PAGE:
SubMiniature Version A Connector

What Does SubMiniature Version A Connector Mean?

An SubMiniature version A (SMA) connector is a coaxial cable connector developed in the 1960s as a semi-precision minimal connector interface with a screw-type coupling mechanism for coaxial cables. This connector features only 50 ohms of impedance and a 1/4-inch-36-thread-type coupling mechanism. It offers excellent performance from 0 to 18 GHz and is usually used as an RF connector for antennas.


Techopedia Explains SubMiniature Version A Connector

The SMA connector is considered a semi-precision, sub-miniature and high-frequency connector that is rated to deliver reliable broadband performance from DC to 18 GHz, with a constant impedance of 50 ohms and low reflection. The main features of this connector are its high mechanical strength and high durability, as evidenced by its robust-looking metal construction.

The male connector is the one with the center pin and inside threads of size 1/4-inch-36, whereas the female connector is the sleeve counterpart that features an outside thread and is used to hold the connection in place. The latter is often placed on and attached to a stable device, whereas the former is located on the detachable wire attachment.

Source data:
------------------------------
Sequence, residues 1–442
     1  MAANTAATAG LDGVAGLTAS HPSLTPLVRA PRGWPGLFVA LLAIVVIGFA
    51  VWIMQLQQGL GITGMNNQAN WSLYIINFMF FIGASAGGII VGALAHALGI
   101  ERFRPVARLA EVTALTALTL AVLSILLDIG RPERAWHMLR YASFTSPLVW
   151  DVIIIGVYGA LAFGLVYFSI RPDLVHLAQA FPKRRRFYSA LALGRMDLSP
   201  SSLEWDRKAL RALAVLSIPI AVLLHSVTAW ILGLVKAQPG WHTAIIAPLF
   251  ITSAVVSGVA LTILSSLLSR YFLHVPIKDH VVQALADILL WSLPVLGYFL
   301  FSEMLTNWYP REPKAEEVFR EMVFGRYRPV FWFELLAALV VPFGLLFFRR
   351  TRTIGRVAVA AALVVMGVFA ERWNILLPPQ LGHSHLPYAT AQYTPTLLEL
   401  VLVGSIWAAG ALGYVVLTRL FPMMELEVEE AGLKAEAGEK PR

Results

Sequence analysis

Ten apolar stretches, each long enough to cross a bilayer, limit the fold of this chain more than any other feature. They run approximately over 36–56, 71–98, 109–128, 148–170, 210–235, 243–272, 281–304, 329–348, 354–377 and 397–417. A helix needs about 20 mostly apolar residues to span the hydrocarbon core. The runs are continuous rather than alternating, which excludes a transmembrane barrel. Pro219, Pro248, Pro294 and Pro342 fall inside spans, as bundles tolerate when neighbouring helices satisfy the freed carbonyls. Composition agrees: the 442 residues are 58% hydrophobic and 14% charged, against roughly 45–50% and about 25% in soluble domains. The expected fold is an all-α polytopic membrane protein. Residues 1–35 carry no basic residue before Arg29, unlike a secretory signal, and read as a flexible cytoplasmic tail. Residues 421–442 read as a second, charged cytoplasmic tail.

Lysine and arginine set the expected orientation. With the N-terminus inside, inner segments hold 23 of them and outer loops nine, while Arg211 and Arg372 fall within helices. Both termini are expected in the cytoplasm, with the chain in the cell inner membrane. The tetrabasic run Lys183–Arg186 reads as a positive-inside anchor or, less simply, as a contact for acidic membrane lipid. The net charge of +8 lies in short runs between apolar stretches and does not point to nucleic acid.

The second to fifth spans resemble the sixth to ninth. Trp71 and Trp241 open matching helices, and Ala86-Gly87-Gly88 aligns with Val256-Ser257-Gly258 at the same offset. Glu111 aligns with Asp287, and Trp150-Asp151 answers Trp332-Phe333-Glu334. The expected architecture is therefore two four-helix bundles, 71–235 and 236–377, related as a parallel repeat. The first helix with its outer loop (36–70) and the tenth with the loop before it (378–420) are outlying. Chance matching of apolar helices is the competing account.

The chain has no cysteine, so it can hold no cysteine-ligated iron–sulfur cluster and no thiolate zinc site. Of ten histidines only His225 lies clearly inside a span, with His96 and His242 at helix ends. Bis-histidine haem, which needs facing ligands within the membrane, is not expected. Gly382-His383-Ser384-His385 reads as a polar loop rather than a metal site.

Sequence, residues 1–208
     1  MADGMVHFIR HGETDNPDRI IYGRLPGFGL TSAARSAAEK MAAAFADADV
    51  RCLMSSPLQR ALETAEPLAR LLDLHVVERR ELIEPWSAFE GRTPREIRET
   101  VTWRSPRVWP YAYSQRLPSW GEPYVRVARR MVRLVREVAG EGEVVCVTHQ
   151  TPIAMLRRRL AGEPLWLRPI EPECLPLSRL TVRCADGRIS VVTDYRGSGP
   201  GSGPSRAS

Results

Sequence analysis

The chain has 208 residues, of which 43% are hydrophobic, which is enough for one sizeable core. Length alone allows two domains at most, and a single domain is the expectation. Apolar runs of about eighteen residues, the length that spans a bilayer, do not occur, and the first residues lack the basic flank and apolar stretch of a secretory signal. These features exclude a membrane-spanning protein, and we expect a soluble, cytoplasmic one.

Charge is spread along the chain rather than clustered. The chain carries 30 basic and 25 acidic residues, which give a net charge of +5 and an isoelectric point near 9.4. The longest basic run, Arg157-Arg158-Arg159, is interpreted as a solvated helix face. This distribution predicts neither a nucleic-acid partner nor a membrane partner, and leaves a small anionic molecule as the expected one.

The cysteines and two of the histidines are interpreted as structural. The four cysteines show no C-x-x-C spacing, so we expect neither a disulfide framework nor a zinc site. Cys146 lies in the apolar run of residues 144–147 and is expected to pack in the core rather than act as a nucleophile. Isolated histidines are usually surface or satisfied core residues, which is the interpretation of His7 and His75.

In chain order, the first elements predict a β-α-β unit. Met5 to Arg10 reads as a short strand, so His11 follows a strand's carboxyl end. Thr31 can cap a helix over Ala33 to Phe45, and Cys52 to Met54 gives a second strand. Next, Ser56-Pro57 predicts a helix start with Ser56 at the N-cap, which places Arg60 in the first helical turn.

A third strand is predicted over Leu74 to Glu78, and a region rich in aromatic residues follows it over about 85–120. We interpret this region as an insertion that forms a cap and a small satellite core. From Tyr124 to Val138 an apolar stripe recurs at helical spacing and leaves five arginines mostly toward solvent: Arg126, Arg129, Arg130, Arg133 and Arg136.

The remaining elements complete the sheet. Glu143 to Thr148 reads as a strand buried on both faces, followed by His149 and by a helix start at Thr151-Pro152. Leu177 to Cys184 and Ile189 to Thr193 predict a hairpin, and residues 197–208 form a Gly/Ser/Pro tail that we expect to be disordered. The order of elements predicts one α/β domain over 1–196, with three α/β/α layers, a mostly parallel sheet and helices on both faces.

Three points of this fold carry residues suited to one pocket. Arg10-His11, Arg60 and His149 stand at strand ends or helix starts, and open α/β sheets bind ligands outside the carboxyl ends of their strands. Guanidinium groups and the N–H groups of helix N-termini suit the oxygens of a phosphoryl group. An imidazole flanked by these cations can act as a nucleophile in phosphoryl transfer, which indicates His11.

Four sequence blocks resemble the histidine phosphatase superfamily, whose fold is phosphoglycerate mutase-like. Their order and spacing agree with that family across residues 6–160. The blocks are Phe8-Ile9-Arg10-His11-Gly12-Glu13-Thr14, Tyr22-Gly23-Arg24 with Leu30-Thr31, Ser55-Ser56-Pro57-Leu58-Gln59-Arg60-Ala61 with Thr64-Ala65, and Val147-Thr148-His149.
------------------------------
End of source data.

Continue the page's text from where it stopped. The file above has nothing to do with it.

A newer reverse-polarity SMA specification (RP-SMA or RSMA) reverses the polarity of the genders so that the female connector now has the center pin and the male connector has the center receptacle, but the threads and other features remain the same. This was apparently done on purpose by the FCC to prevent home users from damaging sensitive RF equipment when screwing on the antenna.

Some mechanical features of the SMA connector include:

  • It uses a 1/4-inch-36-thread-type coupling mechanism.
  • The male connector is equipped with a 5/16-inch hex nut to allow torque by a 1/2-inch wrench.
  • The female connector has a 4.32-mm-long thread for coupling.
  • It has a silicon rubber O-ring, which separates the main body and coupling nut for dust resistance.

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Margaret is an award-winning technical writer and teacher known for her ability to explain complex technical subjects to a non-technical business audience. Over the past twenty years, her IT definitions have been published by Que in an encyclopedia of technology terms and cited in articles by the New York Times, Time Magazine, USA Today, ZDNet, PC Magazine, and Discovery Magazine. She joined Techopedia in 2011. Margaret's idea of a fun day is helping IT and business professionals learn to speak each other’s highly specialized languages.